“God is Love.” More than this we cannot ask, higher we cannot look; farther we cannot go. To suppose that he forgives or punishes sin, accordingly as His mercy is sought or unsought, is to misunderstand Love, and make prayer the safety-valve for wrong-doing.

Do we ask Wisdom to be merciful to sin? Then “we ask amiss,” to consume the blessing “on our lusts.” Do we expect God to forgive sin without punishment, thus allowing sin to multiply? Such forgiveness would be neither merciful nor wise.

A magistrate sometimes remits the penalty, but this may be no moral benefit to the criminal; and at best it only saves him from one form of punishment. The moral law, which alone has the right to acquit or condemn, always demands restitution before mortals can “go up higher.” Broken law brings penalty, in order to compel this progress.

Personal pardon — and there is no other, for Principle never pardons either sins or mistakes — leaves the offender free to repeat the offence; if, indeed, he has not already suffered sufficiently from vice to make him turn from it with loathing. Truth bestows no pardon upon error, but wipes it out in the most effectual manner. Jesus suffered for our sins, not to annul the divine sentence against wrong, but to stop the sin, and show that it must bring inevitable suffering.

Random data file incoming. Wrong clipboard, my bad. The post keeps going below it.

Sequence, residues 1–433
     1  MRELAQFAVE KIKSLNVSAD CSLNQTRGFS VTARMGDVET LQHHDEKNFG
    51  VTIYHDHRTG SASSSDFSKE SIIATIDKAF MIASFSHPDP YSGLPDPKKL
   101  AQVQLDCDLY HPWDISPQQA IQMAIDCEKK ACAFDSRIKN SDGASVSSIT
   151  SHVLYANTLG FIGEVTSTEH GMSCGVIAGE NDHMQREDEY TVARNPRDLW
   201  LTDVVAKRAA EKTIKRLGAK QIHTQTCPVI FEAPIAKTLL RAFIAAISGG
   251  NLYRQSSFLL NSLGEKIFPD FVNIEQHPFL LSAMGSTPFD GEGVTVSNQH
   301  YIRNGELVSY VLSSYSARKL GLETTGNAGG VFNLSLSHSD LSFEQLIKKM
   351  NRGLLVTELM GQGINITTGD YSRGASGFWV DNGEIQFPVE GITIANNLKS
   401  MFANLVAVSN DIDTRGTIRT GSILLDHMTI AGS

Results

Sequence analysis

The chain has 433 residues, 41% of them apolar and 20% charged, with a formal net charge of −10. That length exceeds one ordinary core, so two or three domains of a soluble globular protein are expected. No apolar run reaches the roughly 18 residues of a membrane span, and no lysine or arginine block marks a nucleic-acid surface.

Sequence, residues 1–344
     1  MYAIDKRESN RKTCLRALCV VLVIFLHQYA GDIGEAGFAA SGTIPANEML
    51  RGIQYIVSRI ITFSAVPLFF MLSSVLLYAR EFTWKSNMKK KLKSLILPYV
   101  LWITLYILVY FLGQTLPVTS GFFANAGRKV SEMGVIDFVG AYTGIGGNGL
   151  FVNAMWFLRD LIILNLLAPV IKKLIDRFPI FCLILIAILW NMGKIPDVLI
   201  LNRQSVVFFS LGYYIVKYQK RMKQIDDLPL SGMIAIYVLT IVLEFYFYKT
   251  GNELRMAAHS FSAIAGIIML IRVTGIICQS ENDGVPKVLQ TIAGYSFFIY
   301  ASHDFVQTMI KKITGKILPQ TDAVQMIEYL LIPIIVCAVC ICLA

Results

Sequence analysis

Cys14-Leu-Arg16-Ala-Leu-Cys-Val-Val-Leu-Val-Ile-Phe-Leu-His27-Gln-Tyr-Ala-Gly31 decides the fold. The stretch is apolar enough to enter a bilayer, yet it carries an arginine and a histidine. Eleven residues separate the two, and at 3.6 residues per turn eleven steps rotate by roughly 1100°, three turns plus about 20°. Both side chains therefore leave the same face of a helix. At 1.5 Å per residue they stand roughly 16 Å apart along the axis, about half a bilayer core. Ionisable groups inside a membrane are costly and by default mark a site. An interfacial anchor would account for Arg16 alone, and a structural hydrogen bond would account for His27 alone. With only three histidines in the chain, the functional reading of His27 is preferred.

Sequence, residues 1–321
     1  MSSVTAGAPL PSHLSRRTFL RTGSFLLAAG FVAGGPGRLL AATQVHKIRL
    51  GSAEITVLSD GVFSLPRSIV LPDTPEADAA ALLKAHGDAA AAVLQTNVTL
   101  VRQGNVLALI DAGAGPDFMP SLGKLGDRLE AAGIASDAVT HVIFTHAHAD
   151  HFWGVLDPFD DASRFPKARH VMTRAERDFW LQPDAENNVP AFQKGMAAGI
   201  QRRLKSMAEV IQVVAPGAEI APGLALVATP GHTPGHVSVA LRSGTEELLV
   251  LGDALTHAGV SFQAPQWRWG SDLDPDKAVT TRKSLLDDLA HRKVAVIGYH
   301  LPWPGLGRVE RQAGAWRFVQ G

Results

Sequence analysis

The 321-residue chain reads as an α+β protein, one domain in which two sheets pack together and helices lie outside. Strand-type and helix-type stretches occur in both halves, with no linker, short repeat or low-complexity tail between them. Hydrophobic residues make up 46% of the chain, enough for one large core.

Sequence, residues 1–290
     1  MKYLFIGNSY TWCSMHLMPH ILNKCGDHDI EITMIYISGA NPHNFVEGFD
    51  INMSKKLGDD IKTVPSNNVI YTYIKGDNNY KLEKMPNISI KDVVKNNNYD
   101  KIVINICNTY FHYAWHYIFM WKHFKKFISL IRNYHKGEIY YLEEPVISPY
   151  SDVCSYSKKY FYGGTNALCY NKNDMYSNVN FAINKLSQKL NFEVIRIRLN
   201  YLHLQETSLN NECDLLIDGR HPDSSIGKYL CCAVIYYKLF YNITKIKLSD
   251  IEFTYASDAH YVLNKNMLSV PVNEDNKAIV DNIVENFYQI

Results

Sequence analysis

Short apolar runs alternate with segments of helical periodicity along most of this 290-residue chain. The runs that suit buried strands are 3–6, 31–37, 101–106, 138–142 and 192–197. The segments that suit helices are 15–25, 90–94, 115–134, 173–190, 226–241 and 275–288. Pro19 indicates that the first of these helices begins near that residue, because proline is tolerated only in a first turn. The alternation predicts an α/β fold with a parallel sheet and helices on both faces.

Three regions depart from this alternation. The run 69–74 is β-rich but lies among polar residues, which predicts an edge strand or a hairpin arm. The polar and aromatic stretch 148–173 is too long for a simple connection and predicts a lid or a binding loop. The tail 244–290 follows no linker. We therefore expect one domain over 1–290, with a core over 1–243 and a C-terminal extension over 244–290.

Asking God to be God is a “vain repetition.” Habitual goodness is unceasing prayer. Its motives are made manifest in the blessings they bring. Whether these arc acknowledged or not, they attest our worthiness to be made partakers of Love. God is “the same yesterday, to-day, and forever;” and He who is immutably right will do right, without being reminded of His duty. The wisdom of man is insufficient to advise God.

Wesley knew the nature and effect of real prayer, as his hymns abundantly prove: —

My prayer hath power with God; the grace
Unspeakable I now receive.
Through faith I see Thee face to face;
I see Thee face to face, and live!
In vain I have not wept and strove;
Thy nature and Thy name is Love.

Who would stand before a blackboard, and pray the Principle of mathematics to work out the problem? The rule is already established, and it is our task to work out the solution. Shall we ask the Divine Principle of all good to do His work? That work was finished long ago; and we have only to avail ourselves of God's rule, in order to receive the blessing.

The Divine Being must be reflected by man; else man is not the image and likeness of the Patient, Tender, and True, “the one altogether lovely.” To understand God is the work of eternity.

When thou prayest, enter into thy closet; and, when thou hast shut the door, pray to thy Father who is in secret; and thy Father, who seeth in secret, will reward thee.